26th Mar 2018, 17:11

Yup, you are so right. As basic as they are, older cars are more prone to break downs. Especially when they don't have vital engine parts made of plastic, and the many electronic controlled software parts that modern cars have.

27th Mar 2018, 13:07

If you can explain why you proceed to think older is bad, then maybe we can wrap this up without everyone questioning your judgement.

27th Mar 2018, 17:18

Can you be a little more specific on what can fail on an old car that can't fail on a new one?

27th Mar 2018, 19:05

Perhaps we should automatically question the assumption that older is good...

28th Mar 2018, 08:49

This review model to me is still a newer car. If this were a late 60s/early 70s pre emission Mopar it could be easily maintained by an average consumer at home. No complex computers, and could be fixed with minimum tools. Especially the new 318 or 383 then. I drove these every day to work. Easy to tune up, fluid changes a battery now and then, and simple to fix. Right at home. Which wasn’t needed that often. Ours were garage kept. Not rare enough to be theft prone even today. We took many long trouble free trips and vacations in these Mopars as well. Plus they were not expensive new, even with the V8, as family cars.

11th Apr 2018, 15:03

Never said "older is bad"; those are your words.

How's about you "explain why you proceed to think" that because you cannot repair newer vehicles yourself when they do break down, that somehow makes them less reliable than older vehicles?

11th Apr 2018, 18:34

It’s not the knowledge as much as it’s the expense. Then you weigh out if it’s worth even repairing late models. Major repairs can exceed actual book value quickly. Often cheaper to junk. Sure we use YouTube and buy scanners or Autozone. But even then pre emission era beats having to park a late model til you can afford to get it running again.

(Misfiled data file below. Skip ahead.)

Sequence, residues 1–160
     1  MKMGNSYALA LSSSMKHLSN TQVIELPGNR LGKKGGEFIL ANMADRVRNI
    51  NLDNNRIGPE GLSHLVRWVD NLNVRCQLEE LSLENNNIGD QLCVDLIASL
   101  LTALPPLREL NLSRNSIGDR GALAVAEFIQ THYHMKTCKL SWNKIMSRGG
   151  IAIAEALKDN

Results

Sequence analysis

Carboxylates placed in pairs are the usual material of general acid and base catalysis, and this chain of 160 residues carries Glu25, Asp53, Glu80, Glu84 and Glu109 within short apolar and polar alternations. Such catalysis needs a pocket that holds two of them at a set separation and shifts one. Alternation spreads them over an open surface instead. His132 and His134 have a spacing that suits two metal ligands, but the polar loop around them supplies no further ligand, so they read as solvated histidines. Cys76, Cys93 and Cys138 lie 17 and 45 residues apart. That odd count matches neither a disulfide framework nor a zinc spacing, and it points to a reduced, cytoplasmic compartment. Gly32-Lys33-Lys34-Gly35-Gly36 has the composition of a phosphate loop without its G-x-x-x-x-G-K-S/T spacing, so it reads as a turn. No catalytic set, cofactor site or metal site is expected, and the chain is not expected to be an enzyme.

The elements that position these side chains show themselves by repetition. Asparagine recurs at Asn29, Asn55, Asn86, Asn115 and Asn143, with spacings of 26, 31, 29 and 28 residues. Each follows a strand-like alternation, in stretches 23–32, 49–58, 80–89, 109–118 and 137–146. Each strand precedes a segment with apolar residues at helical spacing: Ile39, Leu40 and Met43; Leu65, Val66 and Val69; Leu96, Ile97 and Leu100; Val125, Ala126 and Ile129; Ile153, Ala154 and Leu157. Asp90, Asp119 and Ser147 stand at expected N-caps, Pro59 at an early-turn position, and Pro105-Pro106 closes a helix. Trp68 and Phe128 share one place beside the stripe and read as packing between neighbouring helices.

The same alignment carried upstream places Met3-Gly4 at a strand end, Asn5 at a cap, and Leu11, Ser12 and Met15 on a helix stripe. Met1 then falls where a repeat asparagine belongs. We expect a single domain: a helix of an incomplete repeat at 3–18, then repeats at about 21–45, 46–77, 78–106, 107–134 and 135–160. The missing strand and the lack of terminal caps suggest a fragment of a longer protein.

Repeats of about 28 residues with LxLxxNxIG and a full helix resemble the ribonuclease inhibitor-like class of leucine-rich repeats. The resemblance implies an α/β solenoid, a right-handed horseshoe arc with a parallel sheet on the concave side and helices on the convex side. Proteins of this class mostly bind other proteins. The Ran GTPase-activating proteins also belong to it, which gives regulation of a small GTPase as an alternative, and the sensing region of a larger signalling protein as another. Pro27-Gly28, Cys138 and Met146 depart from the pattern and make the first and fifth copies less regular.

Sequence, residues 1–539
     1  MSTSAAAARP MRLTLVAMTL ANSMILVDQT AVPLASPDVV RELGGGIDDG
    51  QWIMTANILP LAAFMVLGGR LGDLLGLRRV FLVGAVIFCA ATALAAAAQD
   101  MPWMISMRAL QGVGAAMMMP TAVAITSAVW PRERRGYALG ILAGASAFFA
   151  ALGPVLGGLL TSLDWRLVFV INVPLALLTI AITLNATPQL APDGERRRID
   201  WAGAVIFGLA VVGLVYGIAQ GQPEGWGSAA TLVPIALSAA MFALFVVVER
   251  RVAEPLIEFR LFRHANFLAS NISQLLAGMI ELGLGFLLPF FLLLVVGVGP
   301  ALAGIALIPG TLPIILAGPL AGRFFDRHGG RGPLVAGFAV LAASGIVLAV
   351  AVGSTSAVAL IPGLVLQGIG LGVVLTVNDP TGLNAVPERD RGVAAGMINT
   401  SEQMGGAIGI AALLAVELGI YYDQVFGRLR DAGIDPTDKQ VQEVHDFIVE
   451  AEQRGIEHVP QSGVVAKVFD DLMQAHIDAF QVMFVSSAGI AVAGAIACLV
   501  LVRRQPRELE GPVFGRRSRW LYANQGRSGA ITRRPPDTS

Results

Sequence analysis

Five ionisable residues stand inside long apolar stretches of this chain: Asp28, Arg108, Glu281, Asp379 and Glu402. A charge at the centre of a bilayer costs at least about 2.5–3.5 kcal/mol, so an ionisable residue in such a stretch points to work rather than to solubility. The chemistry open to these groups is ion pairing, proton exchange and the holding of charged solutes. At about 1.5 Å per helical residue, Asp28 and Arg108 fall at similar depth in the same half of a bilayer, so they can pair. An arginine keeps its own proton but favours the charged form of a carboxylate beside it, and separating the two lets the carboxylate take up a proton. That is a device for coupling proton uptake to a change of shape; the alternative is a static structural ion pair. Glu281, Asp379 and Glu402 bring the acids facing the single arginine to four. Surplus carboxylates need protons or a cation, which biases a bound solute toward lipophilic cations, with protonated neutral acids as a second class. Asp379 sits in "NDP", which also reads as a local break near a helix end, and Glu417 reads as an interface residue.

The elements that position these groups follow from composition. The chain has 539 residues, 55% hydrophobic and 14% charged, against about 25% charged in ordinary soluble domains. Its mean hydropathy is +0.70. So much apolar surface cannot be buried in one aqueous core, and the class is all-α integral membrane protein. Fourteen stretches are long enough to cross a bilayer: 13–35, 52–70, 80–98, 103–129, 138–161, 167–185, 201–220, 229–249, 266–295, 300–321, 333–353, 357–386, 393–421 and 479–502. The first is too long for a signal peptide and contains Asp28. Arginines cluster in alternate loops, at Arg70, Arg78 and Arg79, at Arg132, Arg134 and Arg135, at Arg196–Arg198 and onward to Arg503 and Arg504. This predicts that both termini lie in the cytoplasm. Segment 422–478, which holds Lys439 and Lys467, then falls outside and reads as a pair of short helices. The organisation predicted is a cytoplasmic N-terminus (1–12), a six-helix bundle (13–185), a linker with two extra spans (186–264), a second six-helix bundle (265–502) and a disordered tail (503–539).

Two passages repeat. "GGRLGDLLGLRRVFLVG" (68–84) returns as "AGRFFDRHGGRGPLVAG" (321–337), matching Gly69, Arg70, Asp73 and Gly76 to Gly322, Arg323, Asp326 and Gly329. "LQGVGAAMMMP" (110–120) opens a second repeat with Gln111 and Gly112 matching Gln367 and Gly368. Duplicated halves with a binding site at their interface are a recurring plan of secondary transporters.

12th Apr 2018, 21:58

Can't explain to something that I did not post. Never once on this or any other thread on here did I state that a modern car is less reliable because it's harder to work on. Makes no sense to me.

Again, the way I see it is that an older car has much less of the breakdown or repair possibilities vs. a modern car. More things can go wrong with modern, and they do. That's about as simple as I can make it.

As far as working on old vs. new, I've been there and done it with both. Most old cars are a lot easier to work on. But to a certain extent. Ever do a transmission swap on a Eldorado or Toronado from the 70s?

13th Apr 2018, 08:48

No, but sounds great. Modern cars are more reliable, but when they break it can very expensive. And no room to work on them under the hood, especially front wheel drive. Easiest solution that way is just not keep them that long. Personally I hate working on late models. As you get older, you accumulate all the tools and rolling chests etc that you will ever need. And younger you had far less tools, but didn’t mind working on them til late at night. The way it works I guess.

14th Apr 2018, 15:34

The comment was directed towards 15:03.

15th Apr 2018, 13:13

Unless the older vehicle isn’t ideally suited for as a daily driver. 6 Volt, bad braking and suspension etc. I use to drive my cars to work on a regular basis rain or shine, before their value and theft concerns shot way up. Meaning 60s and early 70s driver quality cars. Rust was the only real issue. Mechanically especially, our small block V8s were great. Some of the repair bills on our newer cars have been absolutely ridiculous, even taking into account inflation since. Some warranty, but often not.